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  5. I think picture books should remain paper and cloth. When my kids were little and reading books to themselves in bed a night, they rolled over and fell asleep when tired. If they’re reading on an electronic device, the backlight keeps the brain stimulated and kids won’t get sleepy.

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  6. My NOOK is black and white, and illustrations look terrible. I’ve accidentally checked out a few picture books from my library (they have great digital resources) and they’ve been pretty much unreadable.

    I really think digital picture books are not a great value, especially for a library. But I’ve seen some great stuff on iPads and other tablets that do look worthwhile.

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  7. I just recently self-published an illustrated children’s book on the iBookstore and iTunes called The Soggy Dime. Because the platform for e-books was intended to allow the reader to manage text size, as you note in your blog, it was not really conducive to books that required a fixed relationship between the text and graphics. I found a digital graphics company which was able to convert my book into an Epub file, and my impression is that iTunes and the other distributors are making this easier for fixed text books, so I expect to see more illustrated ebooks soon. My book is priced at $4.99 (it is 80 pages), and it is too early to tell whether that is too high or too low as it has only been online for a few days. On a different note, as a self-publisher, the ebook option makes so much sense from a cost standpoint. For that reason, my book is available only in that format, at least currently. It also allows me to do more with color, which is very helpful for a children’s book. (If the title of my book, The Soggy Dime, sounds like nonsense, it is. The philosophy of the Dr. Suess quote above, about nonsense waking up brain cells, is what motivated my book. It is directed at kids between the ages of 8-16.)

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  8. This is a very interesting topic! Back in October, I attended a talk by Stacey Williams-Ng on exactly this issue — the advantages/disadvantages of transferring children’s picture books to e-format (here is a link to her PowerPoint presentation. She includes a bibliography at the end, with links to other sites that discuss e-publishing)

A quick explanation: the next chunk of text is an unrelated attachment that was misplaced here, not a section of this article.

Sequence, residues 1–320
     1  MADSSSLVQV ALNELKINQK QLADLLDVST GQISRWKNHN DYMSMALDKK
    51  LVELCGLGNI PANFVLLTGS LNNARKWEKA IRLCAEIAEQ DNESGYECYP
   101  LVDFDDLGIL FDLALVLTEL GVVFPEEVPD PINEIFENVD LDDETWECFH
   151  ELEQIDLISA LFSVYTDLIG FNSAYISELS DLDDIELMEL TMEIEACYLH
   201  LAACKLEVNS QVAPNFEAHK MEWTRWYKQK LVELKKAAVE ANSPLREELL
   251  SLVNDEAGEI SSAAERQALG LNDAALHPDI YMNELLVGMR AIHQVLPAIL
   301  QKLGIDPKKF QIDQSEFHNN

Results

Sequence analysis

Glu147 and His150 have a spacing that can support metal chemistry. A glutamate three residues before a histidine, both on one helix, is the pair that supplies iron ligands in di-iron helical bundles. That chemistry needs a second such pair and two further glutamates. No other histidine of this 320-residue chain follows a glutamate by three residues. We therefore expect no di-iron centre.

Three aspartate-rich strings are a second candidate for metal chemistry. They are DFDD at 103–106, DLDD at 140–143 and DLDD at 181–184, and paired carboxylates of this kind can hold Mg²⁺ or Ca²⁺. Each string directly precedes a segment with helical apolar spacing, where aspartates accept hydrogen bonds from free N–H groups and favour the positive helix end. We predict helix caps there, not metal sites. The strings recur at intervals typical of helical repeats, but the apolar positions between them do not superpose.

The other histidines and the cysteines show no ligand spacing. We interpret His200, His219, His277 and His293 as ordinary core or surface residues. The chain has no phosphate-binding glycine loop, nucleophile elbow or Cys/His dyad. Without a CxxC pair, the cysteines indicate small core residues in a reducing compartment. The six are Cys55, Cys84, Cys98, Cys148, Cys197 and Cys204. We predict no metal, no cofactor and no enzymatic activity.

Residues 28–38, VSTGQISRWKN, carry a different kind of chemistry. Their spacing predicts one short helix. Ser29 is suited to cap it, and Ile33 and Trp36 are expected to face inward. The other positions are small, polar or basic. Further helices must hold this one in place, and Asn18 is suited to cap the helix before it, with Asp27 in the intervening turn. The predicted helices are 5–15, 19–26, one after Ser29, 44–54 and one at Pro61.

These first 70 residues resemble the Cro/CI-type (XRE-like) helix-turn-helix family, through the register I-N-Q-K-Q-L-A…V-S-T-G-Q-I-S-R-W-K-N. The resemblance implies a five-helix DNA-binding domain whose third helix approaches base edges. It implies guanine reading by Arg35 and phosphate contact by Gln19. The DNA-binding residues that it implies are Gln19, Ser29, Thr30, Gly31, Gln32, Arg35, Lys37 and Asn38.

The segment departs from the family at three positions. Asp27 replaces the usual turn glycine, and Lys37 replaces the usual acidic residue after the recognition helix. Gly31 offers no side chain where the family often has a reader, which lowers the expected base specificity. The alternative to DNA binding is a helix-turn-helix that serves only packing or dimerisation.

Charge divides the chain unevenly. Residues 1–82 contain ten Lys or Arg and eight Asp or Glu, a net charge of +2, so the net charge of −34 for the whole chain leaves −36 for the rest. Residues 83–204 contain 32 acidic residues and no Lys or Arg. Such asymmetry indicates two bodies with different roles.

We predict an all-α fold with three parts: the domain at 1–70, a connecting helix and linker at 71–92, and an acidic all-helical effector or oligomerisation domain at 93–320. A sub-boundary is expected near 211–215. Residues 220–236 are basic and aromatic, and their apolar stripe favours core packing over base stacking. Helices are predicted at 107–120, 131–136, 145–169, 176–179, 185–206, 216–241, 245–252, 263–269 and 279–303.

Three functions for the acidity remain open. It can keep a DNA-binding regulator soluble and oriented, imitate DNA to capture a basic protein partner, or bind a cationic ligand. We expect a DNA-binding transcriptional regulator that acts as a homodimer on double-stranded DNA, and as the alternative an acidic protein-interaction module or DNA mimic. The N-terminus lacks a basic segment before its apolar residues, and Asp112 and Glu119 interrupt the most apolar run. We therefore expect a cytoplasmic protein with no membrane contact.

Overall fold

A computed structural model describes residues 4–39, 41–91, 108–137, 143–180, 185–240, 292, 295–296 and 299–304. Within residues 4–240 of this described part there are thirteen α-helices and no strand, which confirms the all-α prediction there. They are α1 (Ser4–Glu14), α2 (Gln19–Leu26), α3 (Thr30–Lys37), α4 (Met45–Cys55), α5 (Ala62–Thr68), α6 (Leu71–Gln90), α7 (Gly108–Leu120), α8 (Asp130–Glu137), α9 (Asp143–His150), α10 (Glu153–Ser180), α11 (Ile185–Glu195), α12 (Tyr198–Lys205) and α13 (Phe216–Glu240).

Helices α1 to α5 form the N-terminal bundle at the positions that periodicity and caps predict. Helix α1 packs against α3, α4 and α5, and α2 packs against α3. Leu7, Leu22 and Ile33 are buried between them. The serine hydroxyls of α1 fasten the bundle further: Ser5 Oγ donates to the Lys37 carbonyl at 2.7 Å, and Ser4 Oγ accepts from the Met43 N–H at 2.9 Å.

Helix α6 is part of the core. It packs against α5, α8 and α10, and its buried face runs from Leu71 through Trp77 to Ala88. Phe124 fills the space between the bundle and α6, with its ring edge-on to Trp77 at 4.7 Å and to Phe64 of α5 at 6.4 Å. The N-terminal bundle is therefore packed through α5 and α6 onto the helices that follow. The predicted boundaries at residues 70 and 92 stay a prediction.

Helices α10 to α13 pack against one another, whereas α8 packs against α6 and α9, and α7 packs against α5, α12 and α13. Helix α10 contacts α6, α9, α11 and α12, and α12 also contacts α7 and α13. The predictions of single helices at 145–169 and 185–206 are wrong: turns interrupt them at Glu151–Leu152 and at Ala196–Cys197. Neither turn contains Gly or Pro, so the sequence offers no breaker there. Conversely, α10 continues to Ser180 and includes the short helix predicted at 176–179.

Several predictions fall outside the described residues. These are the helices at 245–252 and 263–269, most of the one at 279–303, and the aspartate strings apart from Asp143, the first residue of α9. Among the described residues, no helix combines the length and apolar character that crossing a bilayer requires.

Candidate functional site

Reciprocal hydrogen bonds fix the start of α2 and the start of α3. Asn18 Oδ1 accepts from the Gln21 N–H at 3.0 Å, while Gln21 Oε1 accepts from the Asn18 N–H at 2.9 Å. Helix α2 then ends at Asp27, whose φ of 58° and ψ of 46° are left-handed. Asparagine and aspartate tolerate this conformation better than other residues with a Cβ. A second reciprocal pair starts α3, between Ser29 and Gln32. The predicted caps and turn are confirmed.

In general, her view was that electronic versions of picture books need to be interactive rather than just turn-the-page-style. The latter, in her view, is better for text-heavy books.

    One interesting point she made: when she let a group of first-graders try out an early version of her Astrojammies book app, to see what features they liked/disliked, she noticed that they felt let down if only some of the images on a page could be activated. I.e., let’s say there’s a page with a bunch of planets, and a few of the planets move or make sounds when the child touches them. Well, the child then expects ALL of the objects on the page to do something when touched.

    I still haven’t gone the e-reader route myself — I like having a paper book in my hands. Plus, it’s easier on my eyes, and I don’t get a headache from staring too long at a computer screen. Then again, the newer models are boasting more eye-friendly screens. And then there’s the varying environmental impacts (how much energy does it take to make a Kindle and keep it running, vs. the energy and trees needed to make paper books?) . . .